The “Great Game” of China’s Belt and Road Initiative
By Ted North
U.S. Secretary of State Mike Pompeo’s recent comment, warning Italy to be wary of “how China uses its economic power to cultivate political influence and erode sovereignty,” is just the latest development in the United States’ and China’s fierce competition for global influence.
In recent years, an uptick in China’s international outreach through programs such as the Belt and Road Initiative (“BRI”) has led to what some are calling the “great game” of the twenty-first century—a reference to the nineteenth century contest between Russia and Britain to assert spheres of influence in Central Asia. Today, the game is much different. In order to hedge the advance of Chinese influence through predatory practices masked as economic initiatives, the United States must evolve its foreign policy to present viable alternatives to countries that are otherwise inclined to take part in the BRI.
The BRI was announced in 2013 by Chinese President Xi Jinping as an initiative to update the ancient Silk Road with massive infrastructure projects for land and sea corridors connecting China to the rest of the world. According to the Chinese government, 136 countries and 30 international organizations have already signed cooperation documents as part of the BRI, which account for more than 65% of the world’s population and 40% of global GDP.
Through the BRI, China states that it is hoping to rejuvenate its economy and strengthen the economies of its neighbors by opening new markets for its goods and excess industrial capital. BRI projects, such as the construction of the Vietnamese-Boten Railway across Laos, costing approximately $5.95 billion, aims to place Laos at the center of a trade route spanning from the Chinese city of Kunming to Singapore. By May 2019, China had spent approximately $200 billion on BRI projects and some estimates state that spending could reach as high as $1.2-1.3 trillion by 2027.
However, behind the China’s state-issued rhetoric exist practices that many experts deem predatory and have come to be known as China’s debt diplomacy. Unlike foreign-aid projects from other countries that utilize aid-grants, BRI projects are built with low-interest loans. These notoriously opaque BRI loan terms have left many countries with unsustainable debt. For example, the high-speed rail project in Laos will not only grant China a 70% ownership stake in the railway, but it will also cost more than half of Laos’ total GDP and raise Laos’ public debt to nearly 70% of its GDP—a level the IMF classifies as a high risk of debt distress. Unfortunately, Laos is only one of eight BRI-recipient countries that international institutions have identified as being at a high risk of debt distress because of BRI loans.
In Sri Lanka, the state government struck a $1.3 billion deal with China to build out the strategic Hambantota port as part of its BRI. In 2017, with Sri Lanka drowning under its increasing debt to China, Sri Lankan President Maithripala Sirisena sought to renegotiate the government’s repayment schedule. China requested instead to be given control of the Hambantota port in the form of a long-term 99-year lease in return for partial loan forgiveness. Sri Lanka conceded and ended up handing Hambantota port over to China, which many decry as an erosion of Sri Lanka’s sovereignty, fostering additional fear that China has plans to use it as a naval base in the Indian Ocean.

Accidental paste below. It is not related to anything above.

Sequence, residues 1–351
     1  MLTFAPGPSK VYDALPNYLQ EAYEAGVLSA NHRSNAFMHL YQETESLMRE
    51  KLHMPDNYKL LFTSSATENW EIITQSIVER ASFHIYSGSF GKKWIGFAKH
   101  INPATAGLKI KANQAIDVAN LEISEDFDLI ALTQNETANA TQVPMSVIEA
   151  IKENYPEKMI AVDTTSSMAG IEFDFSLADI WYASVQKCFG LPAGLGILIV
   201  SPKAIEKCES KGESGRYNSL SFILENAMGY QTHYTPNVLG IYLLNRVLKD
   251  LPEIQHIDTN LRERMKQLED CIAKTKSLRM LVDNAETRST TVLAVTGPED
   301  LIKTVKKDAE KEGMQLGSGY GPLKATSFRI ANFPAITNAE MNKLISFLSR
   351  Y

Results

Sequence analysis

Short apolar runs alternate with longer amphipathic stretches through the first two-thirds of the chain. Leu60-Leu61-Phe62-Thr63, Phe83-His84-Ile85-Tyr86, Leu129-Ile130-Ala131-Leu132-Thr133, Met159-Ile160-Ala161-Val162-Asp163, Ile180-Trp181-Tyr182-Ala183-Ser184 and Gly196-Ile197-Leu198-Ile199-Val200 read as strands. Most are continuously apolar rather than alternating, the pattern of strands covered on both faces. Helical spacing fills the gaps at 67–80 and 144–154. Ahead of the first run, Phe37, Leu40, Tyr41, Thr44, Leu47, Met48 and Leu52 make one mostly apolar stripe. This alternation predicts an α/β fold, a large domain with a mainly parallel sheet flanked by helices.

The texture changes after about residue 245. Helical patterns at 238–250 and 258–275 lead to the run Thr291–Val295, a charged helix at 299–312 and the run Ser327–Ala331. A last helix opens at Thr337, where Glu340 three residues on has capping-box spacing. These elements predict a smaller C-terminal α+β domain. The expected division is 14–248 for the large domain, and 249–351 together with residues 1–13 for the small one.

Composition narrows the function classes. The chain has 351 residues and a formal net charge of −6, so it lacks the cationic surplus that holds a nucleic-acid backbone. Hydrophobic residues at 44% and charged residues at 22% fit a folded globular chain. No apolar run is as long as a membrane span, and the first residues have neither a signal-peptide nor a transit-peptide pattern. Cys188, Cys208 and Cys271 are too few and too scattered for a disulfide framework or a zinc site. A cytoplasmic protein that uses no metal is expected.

Similar stories of emerging economies burdened by BRI loans continue to surface, and there are many experts who fear China is using the loans as a means of economic and military expansion. Meanwhile, the United States has failed to keep pace with China’s growing influence. Asian countries considering the BRI have been driven toward China and away from the United States, fueled by worries of Trump’s “America First” policy and the United States’ withdrawal from the Trans-Pacific Partnership. The subsequent Indo-Pacific investment package of $113 million announced by Secretary Pompeo was largely greeted with widespread indifference.
Furthermore, the United States’ refusal to sign onto the BRI has done little to slow the growth of cooperating countries. Many experts see the United States’ repeated shrugging-off of the BRI as a strategic mistake. Even European allies—such as France, Germany, and the United Kingdom—have joined the main BRI loan bank, the multi-lateral Asian Infrastructure Investment Bank, in order to compete for more BRI business. Most recently, Italy formally signed on to the BRI, much to the dismay of the United States.
The lack of a clear and substantial American strategy to provide viable alternatives to the BRI is providing China the space it needs to advance its geopolitical goals through predatory practices. Stories, like those of Laos and Sri Lanka, will persist as emerging economies continue to accept unclear BRI loans that take advantage of the benefits China’s international initiatives promise. The United States is in a unique position as an international economic power to curb China’s advances, but an evolution of United States foreign policy is necessary.